Building Product & Getting it Right

March 28, 2020

Move fast and break things works at the expense of broken things. For consequential products, it is more important to get it right than to get it fast.

Getting it right costs more time upfront but affords higher velocity later.

Getting it right requires patient capital that believes getting it right is more important than getting it fast.

Getting it right is about systematically transitioning uncertainty into risk.

Getting it right has nothing to do with vanity metrics like headcount.

Getting it right requires unearthing a truth. The value proposition of products embodying a truth can be so compelling that customers would be irrational not to buy if they knew that truth. Unearthing this truth allows you to teach your customers to buy instead of having to persuade them.

Getting it right requires collaboration with users whose problems you're working to solve. Users teach you why things are done the way they are; they reveal if the status quo results from habit or from necessity. Processes of habit — that justify their existence by the way it has always been done — are processes worth breaking.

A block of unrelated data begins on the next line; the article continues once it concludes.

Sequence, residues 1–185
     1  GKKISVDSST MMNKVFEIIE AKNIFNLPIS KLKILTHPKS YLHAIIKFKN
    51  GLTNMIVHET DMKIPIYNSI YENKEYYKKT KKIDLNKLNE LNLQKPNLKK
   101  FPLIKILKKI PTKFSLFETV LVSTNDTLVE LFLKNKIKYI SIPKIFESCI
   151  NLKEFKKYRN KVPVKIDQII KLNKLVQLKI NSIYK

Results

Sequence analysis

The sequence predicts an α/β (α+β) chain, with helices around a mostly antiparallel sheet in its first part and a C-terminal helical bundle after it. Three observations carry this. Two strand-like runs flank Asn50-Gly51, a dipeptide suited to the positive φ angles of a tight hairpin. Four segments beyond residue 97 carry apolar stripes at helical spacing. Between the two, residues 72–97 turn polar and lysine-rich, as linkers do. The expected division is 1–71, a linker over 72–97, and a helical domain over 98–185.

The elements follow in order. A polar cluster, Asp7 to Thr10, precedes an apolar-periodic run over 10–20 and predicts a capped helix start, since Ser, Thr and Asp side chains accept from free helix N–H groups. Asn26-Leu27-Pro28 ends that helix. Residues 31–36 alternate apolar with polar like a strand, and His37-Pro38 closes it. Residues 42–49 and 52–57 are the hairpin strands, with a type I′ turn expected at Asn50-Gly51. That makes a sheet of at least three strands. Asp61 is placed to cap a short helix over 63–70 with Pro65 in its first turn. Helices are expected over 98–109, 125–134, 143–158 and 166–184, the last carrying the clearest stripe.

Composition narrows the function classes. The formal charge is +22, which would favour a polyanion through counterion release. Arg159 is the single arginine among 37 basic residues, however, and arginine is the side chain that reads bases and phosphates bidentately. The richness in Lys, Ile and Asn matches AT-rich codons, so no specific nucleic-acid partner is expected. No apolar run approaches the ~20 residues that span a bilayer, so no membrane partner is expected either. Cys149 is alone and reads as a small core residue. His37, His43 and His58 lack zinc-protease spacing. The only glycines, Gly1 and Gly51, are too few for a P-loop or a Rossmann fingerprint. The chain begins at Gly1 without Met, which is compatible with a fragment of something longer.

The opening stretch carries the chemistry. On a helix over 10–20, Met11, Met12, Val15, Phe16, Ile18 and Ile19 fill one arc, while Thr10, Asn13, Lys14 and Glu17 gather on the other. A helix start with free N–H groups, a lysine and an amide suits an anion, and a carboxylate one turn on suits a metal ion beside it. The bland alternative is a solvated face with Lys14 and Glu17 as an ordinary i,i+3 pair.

Getting it right amounts to going slow to go fast.

By focusing on a small number of highly relevant users upfront, you can address specific pain points in such a way that it is generally extensible to the market. These users have a job to do every day - to do a task. Their job is to accomplish that task, not to become an expert in what you're building. When a new tool is introduced into a workflow, there are only so many walls users are willing to put up with before they submit it isn't improving their productivity and bail on the product. The job is never to become an expert in the product, the product must solve their problem.

There is a point at which product development goes from generally extensible to custom services for users. Customer services are not extensible and represent a clear demarcation line of where you can build to. User-influenced product development is powerful because users become customers when what you're building lets them do their job better and more than not, they're willing to tell you what job they wish the product would do. Focus customers let you build to the line of generalizable applications.

This is why both truth and collaboration are required. Startups that adhere to a market's processes of habit won't unearth a truth and won't build anything interesting. Startups that have discovered a truth but don't collaborate with users to learn the processes of habit won't make progress reinventing it all from scratch. To get it right, startups have to balance their own unique market insight with the nuance users reveal about the market. When users all agree the current process is convoluted and is the way it is only because that is how it has always been done and ubiquitously rejoice at the prospect of what you're building, you're headed in the right direction.

A startup that can get it right can own the outcome with a reliable product and demonstrable value unlocking a clear path to creating a much larger company.